Start Small, Learn, Build, Repeat

Multichannel analytics in financial services is not as daunting, expensive, or complicated as you may think, even considering industry privacy and compliance requirements. Successful multichannel analytics programs can be effective using three fundamental ingredients:

  1. Aligning the right organizational resources
  2. Determining the right data
  3. Obtaining the right tools

Why do it? Return on investment, clearer attribution of marketing performance, and a more complete view of your customers. According to McKinsey Group, companies that invested in multichannel analytics improved returns by a full 10 to 20 percent on their marketing budgets (McKinsey &Co., “Big Data, Big Profits,” Nov. 2013).

Although multichannel analytics involves data aggregation and analysis of multiple sources, there is no need to become overwhelmed. The core objective is simply getting the right data to the right people so they can make better decisions. However, much of the data required for multichannel analytics is siloed. For example, data for ATMs, branch interactions, and Web analytics typically reside in different places.

In today’s multidevice and multichannel world, customers choose how and when they want to interact, and organizations must be ready to receive them in a consistent, intelligent way. Multichannel analytics is necessary to understanding what is happening across the various channels and devices in order to provide a more consistent customer experience.

Delving into multichannel analytics is worth the effort, and it is best undertaken with these steps, and in this order:

Card copy

1. Start at the top and gain the support of an executive stakeholder. At some point, multichannel analytics will require funding, and it will be difficult to gain traction and ask for budget if the right leadership is not on board.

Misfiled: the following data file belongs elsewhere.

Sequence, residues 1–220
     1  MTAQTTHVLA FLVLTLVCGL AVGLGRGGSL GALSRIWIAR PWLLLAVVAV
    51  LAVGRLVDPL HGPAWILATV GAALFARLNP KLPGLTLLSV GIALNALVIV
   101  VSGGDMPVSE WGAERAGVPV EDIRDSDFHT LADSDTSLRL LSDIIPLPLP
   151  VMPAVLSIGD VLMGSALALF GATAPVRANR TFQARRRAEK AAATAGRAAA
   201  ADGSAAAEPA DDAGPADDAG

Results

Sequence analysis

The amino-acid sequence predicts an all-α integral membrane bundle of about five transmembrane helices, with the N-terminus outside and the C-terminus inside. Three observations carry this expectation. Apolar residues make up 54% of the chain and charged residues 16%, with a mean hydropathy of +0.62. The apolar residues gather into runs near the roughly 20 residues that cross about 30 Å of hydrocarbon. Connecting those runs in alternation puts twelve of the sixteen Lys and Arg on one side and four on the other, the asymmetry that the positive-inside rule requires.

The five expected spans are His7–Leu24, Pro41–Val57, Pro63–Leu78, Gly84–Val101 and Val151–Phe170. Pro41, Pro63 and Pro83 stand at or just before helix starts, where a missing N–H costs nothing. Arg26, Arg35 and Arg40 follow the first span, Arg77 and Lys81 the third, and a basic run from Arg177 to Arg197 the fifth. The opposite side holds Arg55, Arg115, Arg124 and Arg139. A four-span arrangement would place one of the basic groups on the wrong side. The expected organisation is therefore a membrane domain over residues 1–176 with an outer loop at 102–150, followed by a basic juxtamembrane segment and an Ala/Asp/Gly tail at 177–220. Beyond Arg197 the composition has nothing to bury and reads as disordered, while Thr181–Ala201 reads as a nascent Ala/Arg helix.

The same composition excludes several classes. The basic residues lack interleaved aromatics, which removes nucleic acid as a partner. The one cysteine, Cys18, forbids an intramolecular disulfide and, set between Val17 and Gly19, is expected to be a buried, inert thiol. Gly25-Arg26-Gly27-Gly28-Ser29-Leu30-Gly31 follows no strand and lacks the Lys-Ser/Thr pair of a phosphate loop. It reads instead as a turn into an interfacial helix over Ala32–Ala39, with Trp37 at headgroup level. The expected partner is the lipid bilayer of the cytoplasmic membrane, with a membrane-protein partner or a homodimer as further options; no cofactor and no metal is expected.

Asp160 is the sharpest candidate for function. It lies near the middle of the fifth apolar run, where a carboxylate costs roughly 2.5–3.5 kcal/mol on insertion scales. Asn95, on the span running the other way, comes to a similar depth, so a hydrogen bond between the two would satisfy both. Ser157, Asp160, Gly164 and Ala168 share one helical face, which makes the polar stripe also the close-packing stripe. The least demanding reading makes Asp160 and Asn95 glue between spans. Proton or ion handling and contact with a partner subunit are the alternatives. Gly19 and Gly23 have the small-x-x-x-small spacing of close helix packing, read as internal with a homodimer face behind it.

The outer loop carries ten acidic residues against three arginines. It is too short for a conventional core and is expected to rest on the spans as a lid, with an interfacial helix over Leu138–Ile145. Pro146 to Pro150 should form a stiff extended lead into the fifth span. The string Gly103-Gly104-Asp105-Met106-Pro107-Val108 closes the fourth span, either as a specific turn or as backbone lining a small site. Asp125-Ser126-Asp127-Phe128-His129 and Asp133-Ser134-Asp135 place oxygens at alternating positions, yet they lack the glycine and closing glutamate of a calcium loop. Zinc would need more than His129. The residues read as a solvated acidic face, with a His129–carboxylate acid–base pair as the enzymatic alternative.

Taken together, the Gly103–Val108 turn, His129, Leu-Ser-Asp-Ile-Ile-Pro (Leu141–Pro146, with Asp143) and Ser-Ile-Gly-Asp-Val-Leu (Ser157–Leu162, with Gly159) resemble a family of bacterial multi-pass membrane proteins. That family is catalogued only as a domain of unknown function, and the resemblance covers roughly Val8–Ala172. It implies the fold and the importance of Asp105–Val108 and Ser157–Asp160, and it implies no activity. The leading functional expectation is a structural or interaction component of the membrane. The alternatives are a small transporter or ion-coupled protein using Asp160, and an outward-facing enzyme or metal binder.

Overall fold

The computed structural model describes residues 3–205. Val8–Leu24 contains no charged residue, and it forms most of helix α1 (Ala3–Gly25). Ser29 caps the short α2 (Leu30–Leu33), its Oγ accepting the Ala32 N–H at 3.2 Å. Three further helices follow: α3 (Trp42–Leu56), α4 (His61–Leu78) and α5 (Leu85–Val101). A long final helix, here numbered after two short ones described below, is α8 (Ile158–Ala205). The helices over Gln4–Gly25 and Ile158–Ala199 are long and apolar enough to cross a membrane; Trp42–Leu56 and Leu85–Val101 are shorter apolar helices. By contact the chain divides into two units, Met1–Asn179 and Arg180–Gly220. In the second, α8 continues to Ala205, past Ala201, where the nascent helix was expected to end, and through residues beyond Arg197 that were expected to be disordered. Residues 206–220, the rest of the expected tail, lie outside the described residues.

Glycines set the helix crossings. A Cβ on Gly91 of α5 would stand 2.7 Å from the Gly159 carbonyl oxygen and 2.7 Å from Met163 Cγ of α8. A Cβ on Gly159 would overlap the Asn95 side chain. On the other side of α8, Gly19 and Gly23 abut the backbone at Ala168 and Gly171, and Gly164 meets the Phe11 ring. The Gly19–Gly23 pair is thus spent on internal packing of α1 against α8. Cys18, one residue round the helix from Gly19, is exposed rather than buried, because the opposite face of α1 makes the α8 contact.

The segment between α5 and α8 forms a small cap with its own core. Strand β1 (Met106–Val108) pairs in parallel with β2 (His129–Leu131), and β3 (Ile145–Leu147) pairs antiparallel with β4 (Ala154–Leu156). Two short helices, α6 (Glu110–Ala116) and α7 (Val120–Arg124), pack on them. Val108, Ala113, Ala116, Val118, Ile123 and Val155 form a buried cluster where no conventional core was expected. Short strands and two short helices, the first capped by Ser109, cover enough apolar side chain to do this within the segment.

Education is also critical. Educate the organization by joining others’ team meetings and take five minutes to explain what you want to accomplish and why. Determine what they need, and communicate how you can help.

2. Next, look at your organization’s strategic objectives. Determine what data is required, how to obtain it, and what to do with it. Start small and with a purpose. Small wins will assist in gaining buy-in and enthusiasm. In turn, the program can scale and garner momentum and additional resources.

To bring the necessary data together, identify a common key. This key can also map to secure information behind a firewall, where additional analysis may occur in a rich customer dataset. There is no need to compromise the security of the customer data; just pass the mapped key back through for use onsite or in nonauthenticated areas.

3. Finally, obtain the right tools. which does not necessarily require expensive new resources or big data warehouses. Look for tools and solutions that

  • allow analysts to visualize and analyze multiple data sources in one location—not just aggregating data together like a data warehouse,
  • export segments of data to other systems for targeted marketing, and
  • unify customer data by taking known customer interactions and linking it to anonymous prospect behavior.

Prior to making additional investments, take full advantage of your existing analytics capabilities. For instance, Adobe Analytics includes a mobile software development kit that automatically stitches together customers’ desktop and mobile activities.

Remember to start small, gain momentum and organizational buy-in, learn new insights, and repeat. Even customer analysis and segmentation between two channels—email responses and web browsing behaviors, or leaving a web page to dial a call center—can result in tremendous business value. You’ll soon discover how valuable and simple multichannel analytics can become.